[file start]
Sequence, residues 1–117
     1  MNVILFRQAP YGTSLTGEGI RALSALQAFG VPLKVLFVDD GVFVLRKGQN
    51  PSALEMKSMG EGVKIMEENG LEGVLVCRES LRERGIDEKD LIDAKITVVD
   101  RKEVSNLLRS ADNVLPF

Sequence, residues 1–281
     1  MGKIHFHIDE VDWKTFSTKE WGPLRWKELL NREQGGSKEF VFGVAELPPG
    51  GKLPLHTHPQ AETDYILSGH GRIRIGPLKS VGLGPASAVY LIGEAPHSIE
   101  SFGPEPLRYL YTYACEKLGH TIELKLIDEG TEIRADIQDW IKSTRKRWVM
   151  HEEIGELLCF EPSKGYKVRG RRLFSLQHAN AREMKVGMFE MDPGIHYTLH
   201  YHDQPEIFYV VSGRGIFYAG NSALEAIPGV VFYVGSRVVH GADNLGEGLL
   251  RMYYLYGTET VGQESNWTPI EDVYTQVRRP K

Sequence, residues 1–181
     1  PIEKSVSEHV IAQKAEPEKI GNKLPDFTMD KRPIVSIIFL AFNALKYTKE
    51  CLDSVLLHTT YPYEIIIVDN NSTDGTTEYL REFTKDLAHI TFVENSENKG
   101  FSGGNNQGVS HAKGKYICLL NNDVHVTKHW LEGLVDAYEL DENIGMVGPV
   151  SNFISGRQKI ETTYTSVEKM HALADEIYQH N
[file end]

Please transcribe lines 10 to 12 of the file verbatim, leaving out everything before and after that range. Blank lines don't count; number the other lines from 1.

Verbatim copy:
   201  YHDQPEIFYV VSGRGIFYAG NSALEAIPGV VFYVGSRVVH GADNLGEGLL
   251  RMYYLYGTET VGQESNWTPI EDVYTQVRRP K

Sequence, residues 1–181